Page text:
The Trump administration is revoking certain licenses for some suppliers of Chinese telecommunications firm Huawei, Reuters reported Monday, and it warned it would deny more applications.
Details: The Semiconductor Industry Association, an American industry group, said on Friday that the US Department of Commerce had issued “intents to deny a significant number of license requests for exports to Huawei and a revocation of at least one previously issued license,” Reuters reported, citing people familiar with the matter.
- One of the sources in the report said eight licenses were revoked from four companies. Intel, which supplies Huawei with systems-on-a-chip (SoCs) used in smartphones and personal computers, was among the companies.
- Another affected company was Kioxia Corp, a Japanese flash memory chip maker formerly known as Toshiba. The company had at least one license revoked, said two Reuters sources.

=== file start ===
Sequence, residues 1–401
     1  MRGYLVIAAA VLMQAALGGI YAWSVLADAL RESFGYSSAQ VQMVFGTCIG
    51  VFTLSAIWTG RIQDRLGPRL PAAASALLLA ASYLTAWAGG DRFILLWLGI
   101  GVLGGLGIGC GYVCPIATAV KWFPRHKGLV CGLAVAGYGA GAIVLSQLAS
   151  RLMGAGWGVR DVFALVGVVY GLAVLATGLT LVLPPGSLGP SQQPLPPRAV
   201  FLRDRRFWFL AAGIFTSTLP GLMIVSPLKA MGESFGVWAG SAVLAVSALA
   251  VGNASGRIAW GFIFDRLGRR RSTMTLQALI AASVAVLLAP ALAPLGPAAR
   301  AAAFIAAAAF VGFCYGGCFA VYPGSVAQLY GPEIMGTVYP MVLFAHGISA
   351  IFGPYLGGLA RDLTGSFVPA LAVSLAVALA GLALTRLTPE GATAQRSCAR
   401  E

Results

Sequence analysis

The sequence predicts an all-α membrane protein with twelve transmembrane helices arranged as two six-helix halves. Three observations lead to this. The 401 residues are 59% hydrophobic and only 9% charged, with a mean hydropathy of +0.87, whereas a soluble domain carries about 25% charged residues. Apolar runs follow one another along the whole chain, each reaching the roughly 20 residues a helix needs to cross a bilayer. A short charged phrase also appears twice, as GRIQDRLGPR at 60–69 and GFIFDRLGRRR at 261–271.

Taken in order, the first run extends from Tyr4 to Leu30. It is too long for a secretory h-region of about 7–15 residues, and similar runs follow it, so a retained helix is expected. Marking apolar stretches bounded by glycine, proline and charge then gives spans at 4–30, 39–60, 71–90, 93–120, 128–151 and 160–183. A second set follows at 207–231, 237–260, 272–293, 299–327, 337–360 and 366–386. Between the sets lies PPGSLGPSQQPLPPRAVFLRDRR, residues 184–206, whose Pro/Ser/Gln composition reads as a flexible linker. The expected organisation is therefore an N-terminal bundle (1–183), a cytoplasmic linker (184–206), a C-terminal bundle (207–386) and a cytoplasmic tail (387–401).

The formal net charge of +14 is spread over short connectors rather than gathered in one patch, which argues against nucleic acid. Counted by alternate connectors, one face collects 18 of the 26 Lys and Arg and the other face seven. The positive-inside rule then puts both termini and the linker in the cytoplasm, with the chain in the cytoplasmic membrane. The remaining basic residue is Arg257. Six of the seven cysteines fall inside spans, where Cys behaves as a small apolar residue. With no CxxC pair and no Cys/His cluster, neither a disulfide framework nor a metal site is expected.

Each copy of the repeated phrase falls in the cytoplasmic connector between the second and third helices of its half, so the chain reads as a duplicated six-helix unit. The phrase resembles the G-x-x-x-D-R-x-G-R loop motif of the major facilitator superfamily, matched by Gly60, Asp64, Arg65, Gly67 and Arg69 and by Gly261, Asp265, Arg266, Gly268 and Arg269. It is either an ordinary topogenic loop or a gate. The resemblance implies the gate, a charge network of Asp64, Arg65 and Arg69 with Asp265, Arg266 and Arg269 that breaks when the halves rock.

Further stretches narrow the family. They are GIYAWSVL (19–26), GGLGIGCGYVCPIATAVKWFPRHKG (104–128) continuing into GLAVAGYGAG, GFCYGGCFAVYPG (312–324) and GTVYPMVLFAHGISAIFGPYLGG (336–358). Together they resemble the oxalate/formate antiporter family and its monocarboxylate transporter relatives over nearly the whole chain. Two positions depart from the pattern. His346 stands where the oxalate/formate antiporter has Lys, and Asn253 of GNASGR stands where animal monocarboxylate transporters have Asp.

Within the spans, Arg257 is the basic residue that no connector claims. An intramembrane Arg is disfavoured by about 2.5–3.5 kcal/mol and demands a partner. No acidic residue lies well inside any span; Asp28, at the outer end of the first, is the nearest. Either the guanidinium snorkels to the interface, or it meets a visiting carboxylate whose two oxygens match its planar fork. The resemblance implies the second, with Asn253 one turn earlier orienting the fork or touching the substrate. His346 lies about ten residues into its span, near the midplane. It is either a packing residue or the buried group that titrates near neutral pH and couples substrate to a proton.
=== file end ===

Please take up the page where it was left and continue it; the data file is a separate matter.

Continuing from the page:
- Some 150 licenses for $120 billion worth of goods and technology ready to ship to Huawei were pending approval before the latest action.
- Another $280 billion of license applications for goods and technology for Huawei have not been processed, according to Reuters.
- The Commerce Department has told companies that it “intends to deny” those applications.
Context: According to two US government regulations issued in 2019 and 2020, companies around the world have to seek a special license from Washington if they want to sell products that contain US technology to Huawei.
- In September, Intel received a license from the US government to sell to Huawei. In November, US chipmaker Qualcomm was approved to sell 4G chips to the Chinese company.